The NHL playoffs are the best playoffs, hands down—well, outside of the NCAA basketball tournament, perhaps—and Wednesday night was another indication of why that always holds true.
One game, between the Montreal Canadiens and Tampa Bay Lightning, went to overtime. The other both finished as 4-3 scores, with the Pittsburgh Penguins erasing a two-goal deficit to overcome the Columbus Blue Jackets on Brandon Sutter's game-winning goal with 8:18 remaining in the third period.
It was a reminder that if you miss any of these games, you do so at your own peril. You never know when one of these games will be an all-time classic. So here's the current playoff schedule, so you don't have to miss a thing.
|Friday, April 18||7:30 p.m.||Detroit at Boston||NBCSN|
|Sunday, April 20||3 p.m.||Detroit at Boston||NBC|
|Tuesday, April 22||7:30 p.m.||Boston at Detroit||NBCSN|
|Thursday, April 24||8 p.m.||Boston at Detroit||NBCSN|
|*Saturday, April 26||3 p.m.||Detroit at Boston||NBC|
|*Monday, April 28||TBD||Boston at Detroit||N/A|
|*Wednesday, April 30||TBD||Detroit at Boston||N/A|
|Friday, April 18||7 p.m.||Montreal at Tampa Bay||CNBC|
|Sunday, April 20||7 p.m.||Tampa Bay at Montreal||NBCSN|
|Tuesday, April 22||7 p.m.||Tampa Bay at Montreal||NHL Network|
|*Thursday, April 24||7 p.m.||Montreal at Tampa Bay||N/A|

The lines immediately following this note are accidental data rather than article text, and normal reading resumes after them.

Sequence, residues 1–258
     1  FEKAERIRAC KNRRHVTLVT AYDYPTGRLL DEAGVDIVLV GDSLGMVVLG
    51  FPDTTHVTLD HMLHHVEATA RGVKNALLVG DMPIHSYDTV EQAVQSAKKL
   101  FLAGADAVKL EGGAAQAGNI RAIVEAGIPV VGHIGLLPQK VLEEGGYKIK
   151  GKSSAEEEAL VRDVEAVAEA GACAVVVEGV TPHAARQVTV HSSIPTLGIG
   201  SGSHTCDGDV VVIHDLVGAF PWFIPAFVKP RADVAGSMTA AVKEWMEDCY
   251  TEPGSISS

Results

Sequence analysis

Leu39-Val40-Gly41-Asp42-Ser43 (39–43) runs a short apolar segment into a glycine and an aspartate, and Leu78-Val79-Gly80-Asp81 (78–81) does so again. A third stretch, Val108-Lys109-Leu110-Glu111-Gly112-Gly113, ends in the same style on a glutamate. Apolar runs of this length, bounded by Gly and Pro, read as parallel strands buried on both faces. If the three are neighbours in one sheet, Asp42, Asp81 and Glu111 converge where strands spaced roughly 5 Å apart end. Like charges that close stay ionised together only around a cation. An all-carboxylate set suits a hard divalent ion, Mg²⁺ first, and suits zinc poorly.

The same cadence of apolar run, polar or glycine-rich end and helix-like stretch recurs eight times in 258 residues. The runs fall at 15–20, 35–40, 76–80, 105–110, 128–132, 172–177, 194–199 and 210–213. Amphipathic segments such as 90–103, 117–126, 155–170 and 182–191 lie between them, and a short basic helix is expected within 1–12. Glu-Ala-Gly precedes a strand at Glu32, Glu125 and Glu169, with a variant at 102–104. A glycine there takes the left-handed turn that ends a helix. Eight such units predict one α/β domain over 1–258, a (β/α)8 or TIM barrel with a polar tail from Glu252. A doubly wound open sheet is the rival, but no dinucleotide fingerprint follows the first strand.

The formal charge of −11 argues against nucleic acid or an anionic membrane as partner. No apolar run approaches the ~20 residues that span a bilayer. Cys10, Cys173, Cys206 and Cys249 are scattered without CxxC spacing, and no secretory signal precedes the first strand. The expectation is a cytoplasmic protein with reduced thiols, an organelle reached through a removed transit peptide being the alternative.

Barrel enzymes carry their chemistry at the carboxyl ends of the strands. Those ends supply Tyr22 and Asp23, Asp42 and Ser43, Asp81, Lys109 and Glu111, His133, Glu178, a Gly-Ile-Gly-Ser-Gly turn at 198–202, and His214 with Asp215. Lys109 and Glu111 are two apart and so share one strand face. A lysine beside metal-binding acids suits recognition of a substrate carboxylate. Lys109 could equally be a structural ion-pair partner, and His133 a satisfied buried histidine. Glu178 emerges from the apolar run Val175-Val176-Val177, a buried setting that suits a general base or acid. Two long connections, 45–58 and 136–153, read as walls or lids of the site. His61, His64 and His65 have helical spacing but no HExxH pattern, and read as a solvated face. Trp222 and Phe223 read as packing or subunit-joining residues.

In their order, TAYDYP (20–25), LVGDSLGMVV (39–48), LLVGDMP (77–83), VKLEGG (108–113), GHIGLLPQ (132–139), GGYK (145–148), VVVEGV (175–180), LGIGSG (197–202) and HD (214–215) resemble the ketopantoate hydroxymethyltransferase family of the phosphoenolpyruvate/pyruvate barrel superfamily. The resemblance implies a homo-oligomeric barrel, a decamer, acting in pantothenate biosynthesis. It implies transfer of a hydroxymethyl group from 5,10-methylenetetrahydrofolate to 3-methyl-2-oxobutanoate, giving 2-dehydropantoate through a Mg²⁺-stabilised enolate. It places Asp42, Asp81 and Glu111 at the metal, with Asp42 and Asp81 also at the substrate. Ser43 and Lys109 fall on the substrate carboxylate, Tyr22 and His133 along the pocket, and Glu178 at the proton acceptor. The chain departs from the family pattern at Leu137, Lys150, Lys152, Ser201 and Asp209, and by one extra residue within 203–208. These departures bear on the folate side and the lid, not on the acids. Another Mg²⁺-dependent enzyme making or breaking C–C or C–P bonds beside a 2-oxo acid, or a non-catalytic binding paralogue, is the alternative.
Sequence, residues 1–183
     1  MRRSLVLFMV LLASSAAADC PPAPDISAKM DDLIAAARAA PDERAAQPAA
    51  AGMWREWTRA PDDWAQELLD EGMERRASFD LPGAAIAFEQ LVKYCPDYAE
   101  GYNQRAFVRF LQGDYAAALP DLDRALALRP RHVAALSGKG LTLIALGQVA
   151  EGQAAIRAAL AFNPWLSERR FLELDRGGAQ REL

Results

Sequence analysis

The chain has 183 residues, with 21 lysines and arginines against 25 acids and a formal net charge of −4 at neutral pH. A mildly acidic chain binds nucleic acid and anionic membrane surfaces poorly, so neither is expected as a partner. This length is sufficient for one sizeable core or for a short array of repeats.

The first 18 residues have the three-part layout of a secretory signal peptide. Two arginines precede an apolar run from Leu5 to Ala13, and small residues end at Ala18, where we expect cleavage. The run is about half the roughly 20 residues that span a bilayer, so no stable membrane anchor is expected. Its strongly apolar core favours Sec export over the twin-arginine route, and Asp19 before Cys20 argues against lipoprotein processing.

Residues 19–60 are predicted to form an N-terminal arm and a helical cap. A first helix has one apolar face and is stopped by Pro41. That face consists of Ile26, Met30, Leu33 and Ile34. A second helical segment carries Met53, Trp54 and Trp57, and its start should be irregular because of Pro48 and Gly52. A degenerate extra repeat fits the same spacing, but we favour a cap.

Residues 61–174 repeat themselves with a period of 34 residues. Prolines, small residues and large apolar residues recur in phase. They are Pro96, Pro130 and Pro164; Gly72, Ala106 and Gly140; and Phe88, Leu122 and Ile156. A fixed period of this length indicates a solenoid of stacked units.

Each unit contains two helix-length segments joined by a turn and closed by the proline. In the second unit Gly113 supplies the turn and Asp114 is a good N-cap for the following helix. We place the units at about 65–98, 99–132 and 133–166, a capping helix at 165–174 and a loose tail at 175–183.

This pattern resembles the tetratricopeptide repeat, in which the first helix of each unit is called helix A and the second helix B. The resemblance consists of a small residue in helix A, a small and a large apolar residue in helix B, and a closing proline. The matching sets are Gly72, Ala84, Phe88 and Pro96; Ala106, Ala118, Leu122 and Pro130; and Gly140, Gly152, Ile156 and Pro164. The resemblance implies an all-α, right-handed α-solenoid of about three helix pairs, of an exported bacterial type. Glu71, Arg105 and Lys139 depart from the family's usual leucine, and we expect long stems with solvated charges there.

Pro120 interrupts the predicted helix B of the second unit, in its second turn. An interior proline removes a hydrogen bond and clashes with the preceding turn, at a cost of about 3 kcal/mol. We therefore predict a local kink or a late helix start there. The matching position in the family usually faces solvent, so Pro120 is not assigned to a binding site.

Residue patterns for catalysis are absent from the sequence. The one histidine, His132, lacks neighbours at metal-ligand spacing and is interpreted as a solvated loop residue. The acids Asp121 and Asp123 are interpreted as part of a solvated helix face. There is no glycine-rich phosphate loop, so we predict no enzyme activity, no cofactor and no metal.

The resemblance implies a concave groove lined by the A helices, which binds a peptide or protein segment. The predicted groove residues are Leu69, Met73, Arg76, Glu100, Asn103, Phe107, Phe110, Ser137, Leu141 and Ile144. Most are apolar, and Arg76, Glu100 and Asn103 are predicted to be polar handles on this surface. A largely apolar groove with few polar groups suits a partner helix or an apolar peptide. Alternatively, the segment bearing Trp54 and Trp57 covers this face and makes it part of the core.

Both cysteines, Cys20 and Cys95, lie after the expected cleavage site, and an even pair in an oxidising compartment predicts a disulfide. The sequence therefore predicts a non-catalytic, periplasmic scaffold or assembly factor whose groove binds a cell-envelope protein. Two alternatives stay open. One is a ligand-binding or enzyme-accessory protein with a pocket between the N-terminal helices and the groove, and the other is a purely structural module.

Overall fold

|*Sunday, April 27||TBD||Tampa Bay at Montreal||NBCSN|
|Tuesday, April 29||TBD||Montreal at Tampa Bay||N/A|
|Saturday, April 19||7 p.m.||Columbus at Pittsburgh||NBCSN|
|Monday, April 21||7 p.m.||Pittsburgh at Columbus||NBCSN|
|Wednesday, April 23||7 p.m.||Pittsburgh at Columbus||NBCSN|
|*Saturday, April 26||TBD||Columbus at Pittsburgh||N/A|
|*Monday, April 28||TBD||Pittsburgh at Columbus||N/A|
|*Wednesday, April 30||TBD||Columbus at Pittsburgh||N/A|
|Thursday, April 17||7 p.m.||Philadelphia at NY Rangers||CNBC|
|Sunday, April 20||Noon||Philadelphia at NY Rangers||NBC|
|Tuesday, April 22||8 p.m.||NY Rangers at Philadelphia||CNBC|
|Friday, April 25||7 p.m.||NY Rangers at Philadelphia||CNBC|
|*Sunday, April 27||Noon||Philadelphia at NY Rangers||NBC|
|*Tuesday, April 29||TBD||NY Rangers at Philadelphia||N/A|
|*Wednesday, April 30||TBD||Philadelphia at NY Rangers||N/A|
|Thursday, April 17||9:30 p.m.||Minnesota at Colorado||CNBC|
|Saturday, April 19||9:30 p.m.||Minnesota at Colorado||NBCSN|
|Monday, April 21||7 p.m.||Colorado at Minnesota||NHL Network|
|Thursday, April 24||9:30 p.m.||Colorado at Minnesota||CNBC|
|*Saturday, April 26||TBD||Minnesota at Colorado||N/A|
|*Monday, April 28||TBD||Colorado at Minnesota||N/A|
|*Wednesday, April 30||TBD||Minnesota at Colorado||N/A|
|Thursday, April 17||8 p.m.||Chicago at St. Louis||NBCSN|
|Saturday, April 19||3 p.m.||Chicago at St. Louis||NBC|
|Monday, April 21||8:30 p.m.||St. Louis at Chicago||CNBC|
|Wednesday, April 23||9:30 p.m.||St. Louis at Chicago||NBCSN|
|*Friday, April 25||8 p.m.||Chicago at St. Louis||NBCSN|
|*Sunday, April 27||3 p.m.||St. Louis at Chicago||NBC|